With XBee Thread soon arriving, we’re fielding a lot of questions regarding the protocol’s touted security benefits. Not only does Thread provide a robust network with no single point of failure, but it also offers businesses and developers extremely secure wireless communication. Let’s look at a couple reasons why.
IP-based Security Protocols
Yes, it’s a low-powered network, not unlike Zigbee and other 802.15.4 radios, but it’s also IP-based. This is important because with an IP-based networking protocol, developers can tap into security protocols used when you’re browsing the internet. Some of the common ones are DTLS, TLS and SSL. These IP-based security protocols provide the network with secure end-to-end communication.
Another benefit of the Thread protocol is the commissioning process. Commissioning is the process of joining a new node to the Thread network. Previously, this could lead to network vulnerabilities and be overly complex. But, the creators of Thread have made it a straightforward and user-friendly experience by leveraging mobile technology and passphrases. This ensures no rogue nodes are able to join the network without being overly complex.
There are three ways to add a node to a Thread network, out-of-band commissioning, discovery, and through a commissioning application on a mobile device.
Out-of-band commissioning mode configures a node with the network credentials of the desired network. This makes the node behave like a partition of the network. When it comes in range of the network, it will be like two partitions joining into a larger network creating a secure handoff.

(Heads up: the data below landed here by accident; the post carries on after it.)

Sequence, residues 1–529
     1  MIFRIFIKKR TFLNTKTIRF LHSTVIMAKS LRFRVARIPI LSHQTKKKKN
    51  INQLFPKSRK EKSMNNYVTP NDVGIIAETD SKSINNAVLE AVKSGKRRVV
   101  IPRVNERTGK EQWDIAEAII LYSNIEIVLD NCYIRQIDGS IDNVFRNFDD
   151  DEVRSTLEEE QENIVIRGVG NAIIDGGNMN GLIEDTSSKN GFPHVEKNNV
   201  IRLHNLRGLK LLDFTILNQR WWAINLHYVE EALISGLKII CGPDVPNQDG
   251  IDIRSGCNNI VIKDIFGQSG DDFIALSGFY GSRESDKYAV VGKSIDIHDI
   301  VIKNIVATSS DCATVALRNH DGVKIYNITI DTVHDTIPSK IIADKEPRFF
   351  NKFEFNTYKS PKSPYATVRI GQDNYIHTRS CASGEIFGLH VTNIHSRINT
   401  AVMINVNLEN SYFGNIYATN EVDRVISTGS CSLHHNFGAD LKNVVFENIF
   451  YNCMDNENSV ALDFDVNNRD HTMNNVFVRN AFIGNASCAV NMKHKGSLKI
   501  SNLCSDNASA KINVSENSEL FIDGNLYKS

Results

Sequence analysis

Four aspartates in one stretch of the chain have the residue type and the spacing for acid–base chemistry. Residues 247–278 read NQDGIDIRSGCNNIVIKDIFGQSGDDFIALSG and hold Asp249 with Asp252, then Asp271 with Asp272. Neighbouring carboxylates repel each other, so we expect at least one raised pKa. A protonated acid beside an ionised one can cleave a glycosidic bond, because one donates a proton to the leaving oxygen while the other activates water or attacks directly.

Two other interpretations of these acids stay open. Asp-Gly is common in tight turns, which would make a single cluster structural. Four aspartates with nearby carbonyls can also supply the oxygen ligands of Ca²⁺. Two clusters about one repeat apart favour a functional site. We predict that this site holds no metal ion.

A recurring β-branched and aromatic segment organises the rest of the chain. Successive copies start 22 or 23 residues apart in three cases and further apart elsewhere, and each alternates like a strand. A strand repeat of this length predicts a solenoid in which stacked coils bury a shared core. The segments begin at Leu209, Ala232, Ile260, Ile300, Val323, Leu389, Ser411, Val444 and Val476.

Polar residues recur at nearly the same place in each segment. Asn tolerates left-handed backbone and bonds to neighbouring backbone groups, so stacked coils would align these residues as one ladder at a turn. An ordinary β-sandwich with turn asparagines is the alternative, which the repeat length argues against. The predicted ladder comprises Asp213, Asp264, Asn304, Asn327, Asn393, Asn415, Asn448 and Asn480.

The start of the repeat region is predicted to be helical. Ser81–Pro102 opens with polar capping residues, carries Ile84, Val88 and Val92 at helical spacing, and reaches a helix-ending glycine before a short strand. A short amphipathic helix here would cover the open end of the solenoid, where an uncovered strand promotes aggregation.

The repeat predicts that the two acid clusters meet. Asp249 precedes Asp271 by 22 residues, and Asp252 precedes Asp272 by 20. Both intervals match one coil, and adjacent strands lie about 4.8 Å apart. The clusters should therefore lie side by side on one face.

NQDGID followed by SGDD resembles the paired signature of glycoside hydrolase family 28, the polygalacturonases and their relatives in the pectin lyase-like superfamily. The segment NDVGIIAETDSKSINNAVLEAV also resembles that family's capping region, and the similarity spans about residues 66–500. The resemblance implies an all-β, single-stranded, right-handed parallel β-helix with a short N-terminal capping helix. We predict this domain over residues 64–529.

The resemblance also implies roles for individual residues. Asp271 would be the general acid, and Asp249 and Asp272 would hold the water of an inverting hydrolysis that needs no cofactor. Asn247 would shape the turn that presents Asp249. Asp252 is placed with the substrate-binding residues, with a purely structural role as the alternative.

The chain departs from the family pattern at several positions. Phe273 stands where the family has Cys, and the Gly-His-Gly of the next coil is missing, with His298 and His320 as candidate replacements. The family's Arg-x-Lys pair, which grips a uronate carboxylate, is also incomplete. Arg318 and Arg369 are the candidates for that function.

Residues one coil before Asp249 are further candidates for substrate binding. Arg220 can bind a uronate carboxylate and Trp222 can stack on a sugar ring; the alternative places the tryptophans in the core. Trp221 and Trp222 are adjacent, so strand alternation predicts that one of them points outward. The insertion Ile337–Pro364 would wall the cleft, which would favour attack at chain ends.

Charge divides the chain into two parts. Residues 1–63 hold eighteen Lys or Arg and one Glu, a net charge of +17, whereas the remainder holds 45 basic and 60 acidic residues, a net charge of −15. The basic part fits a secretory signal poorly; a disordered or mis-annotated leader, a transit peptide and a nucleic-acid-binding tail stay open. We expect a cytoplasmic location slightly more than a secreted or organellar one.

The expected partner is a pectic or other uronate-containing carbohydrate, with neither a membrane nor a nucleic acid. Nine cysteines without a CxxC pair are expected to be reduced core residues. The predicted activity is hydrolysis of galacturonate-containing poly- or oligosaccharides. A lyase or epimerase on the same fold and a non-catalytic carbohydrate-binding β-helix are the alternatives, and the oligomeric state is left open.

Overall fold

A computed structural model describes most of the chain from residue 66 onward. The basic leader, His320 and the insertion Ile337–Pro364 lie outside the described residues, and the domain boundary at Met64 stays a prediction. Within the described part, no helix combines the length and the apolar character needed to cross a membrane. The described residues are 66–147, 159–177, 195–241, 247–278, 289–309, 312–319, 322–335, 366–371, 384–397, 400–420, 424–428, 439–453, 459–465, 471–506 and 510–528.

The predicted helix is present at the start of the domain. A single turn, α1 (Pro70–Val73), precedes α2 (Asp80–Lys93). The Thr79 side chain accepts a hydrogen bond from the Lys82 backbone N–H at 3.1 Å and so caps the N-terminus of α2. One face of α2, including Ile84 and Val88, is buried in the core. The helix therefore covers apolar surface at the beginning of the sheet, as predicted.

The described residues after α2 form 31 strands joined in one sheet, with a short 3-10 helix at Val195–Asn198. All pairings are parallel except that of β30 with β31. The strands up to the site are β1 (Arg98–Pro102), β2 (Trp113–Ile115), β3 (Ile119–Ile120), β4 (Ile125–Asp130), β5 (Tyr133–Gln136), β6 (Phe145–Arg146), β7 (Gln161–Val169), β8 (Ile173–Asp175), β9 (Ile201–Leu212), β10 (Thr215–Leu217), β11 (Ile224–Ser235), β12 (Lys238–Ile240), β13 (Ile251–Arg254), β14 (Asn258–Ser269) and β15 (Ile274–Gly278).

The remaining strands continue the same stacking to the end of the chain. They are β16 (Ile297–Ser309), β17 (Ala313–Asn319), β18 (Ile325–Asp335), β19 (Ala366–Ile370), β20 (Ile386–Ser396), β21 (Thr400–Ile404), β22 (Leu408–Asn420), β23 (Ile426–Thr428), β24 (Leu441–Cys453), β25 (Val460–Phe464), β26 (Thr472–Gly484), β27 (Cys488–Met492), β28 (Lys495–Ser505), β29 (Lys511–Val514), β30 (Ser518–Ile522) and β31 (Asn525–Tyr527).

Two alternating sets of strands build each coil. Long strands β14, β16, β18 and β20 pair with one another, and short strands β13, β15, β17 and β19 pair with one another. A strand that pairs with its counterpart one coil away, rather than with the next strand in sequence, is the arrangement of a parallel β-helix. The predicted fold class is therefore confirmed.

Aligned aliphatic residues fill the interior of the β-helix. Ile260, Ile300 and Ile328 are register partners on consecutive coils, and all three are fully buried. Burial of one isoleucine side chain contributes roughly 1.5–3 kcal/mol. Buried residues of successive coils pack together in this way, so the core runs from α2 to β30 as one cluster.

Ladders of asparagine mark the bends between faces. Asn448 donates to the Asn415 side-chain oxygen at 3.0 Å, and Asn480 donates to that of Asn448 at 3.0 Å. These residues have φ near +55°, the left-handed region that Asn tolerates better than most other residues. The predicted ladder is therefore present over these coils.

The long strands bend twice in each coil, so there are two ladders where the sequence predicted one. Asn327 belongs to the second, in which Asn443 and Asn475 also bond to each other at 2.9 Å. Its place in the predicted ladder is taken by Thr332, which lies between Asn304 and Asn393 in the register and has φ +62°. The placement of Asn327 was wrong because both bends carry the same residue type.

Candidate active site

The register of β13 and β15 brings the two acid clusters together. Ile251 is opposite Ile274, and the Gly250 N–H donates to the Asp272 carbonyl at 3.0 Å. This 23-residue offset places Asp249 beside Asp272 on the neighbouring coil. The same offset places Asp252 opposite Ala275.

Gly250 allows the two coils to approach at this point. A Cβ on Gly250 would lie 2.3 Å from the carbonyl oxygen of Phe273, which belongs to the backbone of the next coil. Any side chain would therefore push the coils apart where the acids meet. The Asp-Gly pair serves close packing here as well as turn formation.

When commissioning via discovery mode, the node searches for a network with matching credentials. For this, the security is simple, the network must be in range of the the node, the network must allow joining, and the node must be told to expect a node to be joining, identified by its EUI 64, or unique IPv6 MAC address.
Lastly, Thread introduces a third method, and arguably the easiest new way to commission a device, through a commissioning application installed on a device such as a smartphone, tablet, or laptop. Thread describes this process as petitioning and joining.
Petitioning is the process of authenticating and authorizing the commissioning device (like your phone or laptop), which will run the Thread commissioning app. The device can then communicate with the Thread network either locally or via the internet through the network’s Border Router. This forms a secure TLS connection between the network’s Border Router and the user’s commissioning device.
So now that we’ve got our commissioning device authorized, how do we add a new node to the network? It’s pretty easy.
When a node wants to join the network it will send a request to the commissioning device where the user will be prompted to enter a key to authorize the node(s) to join the network. Once the key is entered, there is a secure DTLS handshake between the joining node and the Commissioner. The new node receives the network parameters and is all ready to function with the necessary rights and privileges.
This is just a brief look at why many IoT experts consider Thread a more secure wireless protocol based on its security features and commissioning process. Check out these resources to learn more about the Thread wireless protocol:
And, if you have any Thread-related questions send us a tweet at @digidotcom or @XBeeWireless. You can also visit the official Thread website for more information.